The SEC Can't Regulate Rubes Dave Marino-Nachison (TMF Braden)
December 28, 1999
In a way, it was a classic story of G-man ingenuity: Federal agents, using a suburban Atlanta rental office and fake SEC licenses, pose as under-the-level traders funneling money through a bogus brokerage in order to break up a Colombian drug and money-laundering ring, according to a story from earlier this month.
"A-ha," you might say, "those fools!" Indeed. But those fools could be forgiven for choosing American investment professionals -- often rightly held up as the embodiment of high greed and low virtue -- as the vessels for their dirty dealings.
Those notions cropped up again this afternoon as I read over an item from the Bloomberg wires profiling SEC enforcement chief Richard Walker, who last year assumed the nation's top post in the battle against investment fraud. Author Neil Roland frames the man as a key driver in the agency's ramping up of the speed and frequency of investigations and prosecutions of such common Internet stock scams as chat-room pump-and-dumping.
Any and every step the government takes to stop this sort of thing from happening is good, but it will always be incomplete. Why? Because no amount of SEC regulation and enforcement will protect individual investors from perhaps the most dangerous threat to their net worths: themselves.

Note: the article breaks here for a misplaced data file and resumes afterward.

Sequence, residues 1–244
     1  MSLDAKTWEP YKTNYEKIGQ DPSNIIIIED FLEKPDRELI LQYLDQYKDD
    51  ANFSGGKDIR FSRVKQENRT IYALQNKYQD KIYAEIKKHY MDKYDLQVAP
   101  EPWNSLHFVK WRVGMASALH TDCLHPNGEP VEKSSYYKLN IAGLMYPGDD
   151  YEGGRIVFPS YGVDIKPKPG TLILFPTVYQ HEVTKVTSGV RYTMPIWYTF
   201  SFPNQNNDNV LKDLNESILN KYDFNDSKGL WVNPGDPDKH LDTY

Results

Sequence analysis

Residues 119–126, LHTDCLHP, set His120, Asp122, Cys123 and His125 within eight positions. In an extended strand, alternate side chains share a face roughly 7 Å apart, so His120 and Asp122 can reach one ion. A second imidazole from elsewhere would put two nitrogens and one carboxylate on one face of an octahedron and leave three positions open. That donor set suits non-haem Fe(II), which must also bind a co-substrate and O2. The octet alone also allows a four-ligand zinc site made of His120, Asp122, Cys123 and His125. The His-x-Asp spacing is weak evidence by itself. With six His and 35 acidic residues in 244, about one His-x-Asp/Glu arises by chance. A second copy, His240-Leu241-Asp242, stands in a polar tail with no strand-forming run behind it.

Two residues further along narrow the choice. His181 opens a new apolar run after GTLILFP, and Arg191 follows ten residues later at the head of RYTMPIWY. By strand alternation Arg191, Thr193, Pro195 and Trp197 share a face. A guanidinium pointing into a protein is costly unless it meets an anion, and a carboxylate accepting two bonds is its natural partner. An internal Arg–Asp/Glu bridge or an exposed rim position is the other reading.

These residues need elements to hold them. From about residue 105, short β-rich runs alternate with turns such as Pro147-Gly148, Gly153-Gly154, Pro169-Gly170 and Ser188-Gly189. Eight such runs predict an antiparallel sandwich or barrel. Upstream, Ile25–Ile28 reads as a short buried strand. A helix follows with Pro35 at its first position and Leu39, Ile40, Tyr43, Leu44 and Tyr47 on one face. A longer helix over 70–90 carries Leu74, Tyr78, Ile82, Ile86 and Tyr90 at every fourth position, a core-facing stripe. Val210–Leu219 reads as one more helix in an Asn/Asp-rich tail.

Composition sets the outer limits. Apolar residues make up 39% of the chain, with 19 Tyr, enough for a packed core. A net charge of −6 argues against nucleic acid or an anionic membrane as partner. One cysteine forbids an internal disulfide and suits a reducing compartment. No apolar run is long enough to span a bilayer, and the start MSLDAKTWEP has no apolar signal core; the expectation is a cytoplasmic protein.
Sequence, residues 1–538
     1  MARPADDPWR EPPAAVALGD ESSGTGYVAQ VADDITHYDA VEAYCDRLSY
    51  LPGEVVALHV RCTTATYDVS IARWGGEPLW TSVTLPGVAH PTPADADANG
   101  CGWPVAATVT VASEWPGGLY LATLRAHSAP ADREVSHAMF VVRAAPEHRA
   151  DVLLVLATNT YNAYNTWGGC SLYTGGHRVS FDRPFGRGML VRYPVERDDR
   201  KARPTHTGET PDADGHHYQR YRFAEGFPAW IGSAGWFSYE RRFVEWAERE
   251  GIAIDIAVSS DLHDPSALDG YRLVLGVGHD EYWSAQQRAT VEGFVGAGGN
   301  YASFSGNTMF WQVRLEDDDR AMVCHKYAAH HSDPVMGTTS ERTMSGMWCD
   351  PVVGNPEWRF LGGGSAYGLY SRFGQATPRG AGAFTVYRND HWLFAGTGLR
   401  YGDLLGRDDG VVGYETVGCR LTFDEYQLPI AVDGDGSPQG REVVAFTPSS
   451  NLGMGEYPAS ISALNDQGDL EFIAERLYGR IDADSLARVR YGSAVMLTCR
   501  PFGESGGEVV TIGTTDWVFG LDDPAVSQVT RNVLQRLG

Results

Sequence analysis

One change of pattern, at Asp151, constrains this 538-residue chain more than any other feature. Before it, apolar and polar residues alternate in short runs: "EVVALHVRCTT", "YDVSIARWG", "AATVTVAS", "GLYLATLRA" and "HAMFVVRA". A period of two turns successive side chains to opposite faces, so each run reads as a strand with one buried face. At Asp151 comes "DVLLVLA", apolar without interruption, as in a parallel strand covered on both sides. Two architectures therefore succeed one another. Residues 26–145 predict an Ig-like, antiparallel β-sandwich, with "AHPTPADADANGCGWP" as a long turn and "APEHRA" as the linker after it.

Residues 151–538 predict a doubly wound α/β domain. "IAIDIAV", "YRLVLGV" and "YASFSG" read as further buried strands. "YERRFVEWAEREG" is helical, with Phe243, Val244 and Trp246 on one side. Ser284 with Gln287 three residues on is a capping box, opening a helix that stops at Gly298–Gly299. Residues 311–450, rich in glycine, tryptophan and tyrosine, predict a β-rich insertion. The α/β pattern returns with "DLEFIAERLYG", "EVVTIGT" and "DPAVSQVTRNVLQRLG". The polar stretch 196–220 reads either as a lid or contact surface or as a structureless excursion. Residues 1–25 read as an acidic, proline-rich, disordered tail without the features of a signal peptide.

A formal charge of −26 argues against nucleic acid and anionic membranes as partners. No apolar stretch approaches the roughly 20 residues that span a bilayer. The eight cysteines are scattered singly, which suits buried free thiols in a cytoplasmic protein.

Think about it. While it's easy enough to simply say people who fall for this scam or that are simply suckers, consider for a moment the motivations that might cause someone to believe they were on to a can't-miss opportunity.
Simple greed, perhaps? The lure of fast and easy money? A lack of knowledge about or interest in investing that might lead one to accept a "tip" or to pass on responsibility for one's finances to another? Fear of missing out or messing up? A sense of entitlement to big investment returns fueled by a long-running bull market? Pride caused by a string of stock market successes? Need? A disengage with reality caused by too many hours online? Any, all, or none of the above?
Only you know for yourself. The point here, though, is that nowhere in that previous list are found malice, evil, or any kind of criminal intent; those are the province of the perpetrators. The perpetrated-upon, for the most part, are you and me -- regular people with car payments to make, backs to clothe, and Pok�mon to feed -- and the aforementioned list features regular human states of mind and being.
That's why a little Foolish perspective is often worth its weight in jester caps. Fools know that if an investment opportunity seems too good to be true, it probably is. We know a long-term time horizon is, for most people, probably the best way to maximize returns, safety, and peace of mind. We know investing is a learning process and not a lottery -- we even know where to sign up for public schooling on the subject. We know money isn't everything.
In other words, fraud in most cases only happens if you let it. While criminals are criminals and deserve to be busted, a much simpler plan -- which works as well in chat rooms as in dark alleys -- might be not to make yourself a target.
Special Feature, 12/16/99: "Same Scam, New Medium"
Fool on the Hill, 11/19/99: "Do You Invest to Live or Live to Invest?" Buy Zeigletics!